Hundreds of scholars have written thousands of peer-reviewed research papers about business models. To date, no single consensus has emerged on exactly what a business model is or precisely how to study or measure it in a rigorous way.
A series of dramatically different definitions for business models have been published. They are often based on intuition or extrapolation from high-level observations. To demonstrate why relatively little progress was made on business model research, here is just a short list of alternative definitions, all from respected scholars and highly cited research:
- “A business model is an architecture for product, service and information flows, including a description of the various business actors and their roles” (Timmers, 1998, p. 4).
- “[Business models] are, at heart, stories-stories that explain how enterprises work” (Magretta, 2002, p. 87).
- “[A business model] is the set of activities which a firm performs, how it performs them, and when it performs them so as to offer customers benefits they want and to earn a profit.” (Afuah, 2003, p. 2)
- “The business model provides a coherent framework that takes technological characteristics and potentials as inputs and converts them through customers and markets into economic outputs” (Chesbrough & Rosenbloom, 2002, p. 532).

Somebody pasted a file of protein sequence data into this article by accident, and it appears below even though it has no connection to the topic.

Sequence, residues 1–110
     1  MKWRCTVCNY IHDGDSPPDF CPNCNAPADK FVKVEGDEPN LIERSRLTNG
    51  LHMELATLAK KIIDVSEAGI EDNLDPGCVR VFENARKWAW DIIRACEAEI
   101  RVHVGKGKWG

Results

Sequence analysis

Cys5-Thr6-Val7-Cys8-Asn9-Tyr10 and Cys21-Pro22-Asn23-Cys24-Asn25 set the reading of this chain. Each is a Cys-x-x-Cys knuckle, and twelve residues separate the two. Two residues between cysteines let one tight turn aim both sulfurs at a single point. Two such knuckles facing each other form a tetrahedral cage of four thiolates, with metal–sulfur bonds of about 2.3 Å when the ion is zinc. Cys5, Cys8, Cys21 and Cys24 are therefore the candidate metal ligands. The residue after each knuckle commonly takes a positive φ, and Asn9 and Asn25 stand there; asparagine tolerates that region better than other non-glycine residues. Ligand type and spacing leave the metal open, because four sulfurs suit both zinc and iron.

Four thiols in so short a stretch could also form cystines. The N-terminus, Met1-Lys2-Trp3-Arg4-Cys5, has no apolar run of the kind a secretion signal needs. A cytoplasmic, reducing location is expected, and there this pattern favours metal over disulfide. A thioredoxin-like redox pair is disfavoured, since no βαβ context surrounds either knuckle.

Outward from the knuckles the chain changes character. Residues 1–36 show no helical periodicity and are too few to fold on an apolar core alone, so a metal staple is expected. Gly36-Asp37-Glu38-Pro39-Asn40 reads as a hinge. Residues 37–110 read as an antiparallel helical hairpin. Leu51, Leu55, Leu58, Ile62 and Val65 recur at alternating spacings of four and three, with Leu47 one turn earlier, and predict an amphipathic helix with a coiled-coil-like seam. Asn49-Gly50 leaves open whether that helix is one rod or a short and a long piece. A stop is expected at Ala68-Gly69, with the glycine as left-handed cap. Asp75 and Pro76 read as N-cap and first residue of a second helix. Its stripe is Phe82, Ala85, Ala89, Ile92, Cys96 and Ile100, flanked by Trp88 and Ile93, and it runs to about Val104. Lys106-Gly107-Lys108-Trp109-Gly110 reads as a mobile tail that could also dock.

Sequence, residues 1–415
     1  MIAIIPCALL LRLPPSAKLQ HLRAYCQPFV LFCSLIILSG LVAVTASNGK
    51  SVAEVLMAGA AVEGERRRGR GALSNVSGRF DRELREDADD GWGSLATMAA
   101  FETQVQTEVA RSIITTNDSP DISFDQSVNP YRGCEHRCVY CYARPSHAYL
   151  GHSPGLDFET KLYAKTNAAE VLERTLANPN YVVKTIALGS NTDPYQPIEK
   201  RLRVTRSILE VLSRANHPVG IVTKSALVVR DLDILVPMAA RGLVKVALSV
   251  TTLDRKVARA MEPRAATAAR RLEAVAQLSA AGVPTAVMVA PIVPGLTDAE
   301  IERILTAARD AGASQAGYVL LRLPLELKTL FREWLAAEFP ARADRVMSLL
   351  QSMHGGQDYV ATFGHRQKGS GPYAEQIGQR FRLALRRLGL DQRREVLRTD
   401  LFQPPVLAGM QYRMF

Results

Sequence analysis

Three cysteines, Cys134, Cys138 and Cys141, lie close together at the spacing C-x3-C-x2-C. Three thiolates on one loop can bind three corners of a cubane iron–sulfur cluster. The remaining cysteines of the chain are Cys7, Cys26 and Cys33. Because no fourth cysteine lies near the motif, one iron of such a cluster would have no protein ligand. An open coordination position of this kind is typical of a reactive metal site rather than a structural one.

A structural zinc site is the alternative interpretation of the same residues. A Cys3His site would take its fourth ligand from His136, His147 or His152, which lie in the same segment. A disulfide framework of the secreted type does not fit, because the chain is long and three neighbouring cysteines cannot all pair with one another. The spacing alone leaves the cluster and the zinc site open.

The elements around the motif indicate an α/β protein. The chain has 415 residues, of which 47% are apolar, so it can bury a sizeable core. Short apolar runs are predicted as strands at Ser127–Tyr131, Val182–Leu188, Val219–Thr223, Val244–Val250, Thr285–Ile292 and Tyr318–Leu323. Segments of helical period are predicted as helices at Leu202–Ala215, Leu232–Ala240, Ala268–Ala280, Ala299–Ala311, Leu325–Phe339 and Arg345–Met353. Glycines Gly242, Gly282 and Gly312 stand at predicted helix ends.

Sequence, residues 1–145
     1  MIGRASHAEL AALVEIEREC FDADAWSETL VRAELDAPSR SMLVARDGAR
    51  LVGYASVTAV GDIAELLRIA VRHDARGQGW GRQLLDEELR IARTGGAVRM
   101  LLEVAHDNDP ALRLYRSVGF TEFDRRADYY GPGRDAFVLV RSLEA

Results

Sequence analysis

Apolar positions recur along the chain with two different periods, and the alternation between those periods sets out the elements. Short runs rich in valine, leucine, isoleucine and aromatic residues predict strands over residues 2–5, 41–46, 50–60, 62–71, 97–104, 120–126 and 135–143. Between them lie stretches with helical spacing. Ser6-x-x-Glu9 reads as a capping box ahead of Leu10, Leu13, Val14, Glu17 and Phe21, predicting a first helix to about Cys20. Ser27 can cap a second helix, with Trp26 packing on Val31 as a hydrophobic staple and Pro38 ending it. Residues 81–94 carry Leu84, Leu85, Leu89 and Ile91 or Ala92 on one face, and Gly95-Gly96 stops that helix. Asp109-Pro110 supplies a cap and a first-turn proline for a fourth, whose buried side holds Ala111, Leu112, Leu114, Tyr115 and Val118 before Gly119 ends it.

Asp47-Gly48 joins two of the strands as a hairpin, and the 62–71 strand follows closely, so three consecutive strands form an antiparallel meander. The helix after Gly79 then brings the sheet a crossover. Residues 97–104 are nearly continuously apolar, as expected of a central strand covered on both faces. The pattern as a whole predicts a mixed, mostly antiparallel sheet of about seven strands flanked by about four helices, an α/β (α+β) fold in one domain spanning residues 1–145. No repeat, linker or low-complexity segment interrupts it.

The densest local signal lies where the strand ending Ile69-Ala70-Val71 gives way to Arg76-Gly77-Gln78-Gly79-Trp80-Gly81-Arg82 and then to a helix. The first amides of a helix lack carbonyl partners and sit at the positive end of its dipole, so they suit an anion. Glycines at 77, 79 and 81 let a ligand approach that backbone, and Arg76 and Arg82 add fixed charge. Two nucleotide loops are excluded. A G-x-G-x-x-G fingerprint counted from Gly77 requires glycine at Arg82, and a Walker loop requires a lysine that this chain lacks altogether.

- “[The business model] is a set of expectations about how the business will be successful in its environment” (Downing, 2005, p. 186).
- “A business model is… a description of the value a company offers to one or several segments of customers and of the architecture of the firm and its network of partners for creating, marketing, and delivering this value and relationship capital, to generate profitable and sustainable revenue streams.” (Osterwalder, Pigneur & Tucci, 2005, p. 10)
- “A business model articulates the logic and provides data and other evidence that demonstrates how a business creates and delivers value to customers. It also outlines the architecture of revenues, costs, and profits associated with the business enterprise delivering that value.” (Teece, 2010, p. 173)
There are similarities and themes across these, and the many other definitions that have been developed since Amit and Zott’s early work. It appears that management scholars may never agree completely on a business model definition.